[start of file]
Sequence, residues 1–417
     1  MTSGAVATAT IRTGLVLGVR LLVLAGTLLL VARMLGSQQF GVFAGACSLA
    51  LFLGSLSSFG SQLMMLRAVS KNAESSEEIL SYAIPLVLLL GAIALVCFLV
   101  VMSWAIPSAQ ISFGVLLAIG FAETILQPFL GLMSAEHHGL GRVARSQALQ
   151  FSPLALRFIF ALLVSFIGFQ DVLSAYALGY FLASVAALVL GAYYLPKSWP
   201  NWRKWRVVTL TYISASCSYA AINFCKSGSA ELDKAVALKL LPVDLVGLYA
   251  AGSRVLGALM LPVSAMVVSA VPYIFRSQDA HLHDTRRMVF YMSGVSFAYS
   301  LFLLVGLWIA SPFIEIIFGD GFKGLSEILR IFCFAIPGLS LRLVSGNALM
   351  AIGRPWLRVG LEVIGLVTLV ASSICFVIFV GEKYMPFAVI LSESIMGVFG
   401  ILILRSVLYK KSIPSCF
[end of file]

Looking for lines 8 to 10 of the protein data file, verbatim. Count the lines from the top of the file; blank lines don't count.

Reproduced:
   301  LFLLVGLWIA SPFIEIIFGD GFKGLSEILR IFCFAIPGLS LRLVSGNALM
   351  AIGRPWLRVG LEVIGLVTLV ASSICFVIFV GEKYMPFAVI LSESIMGVFG
   401  ILILRSVLYK KSIPSCF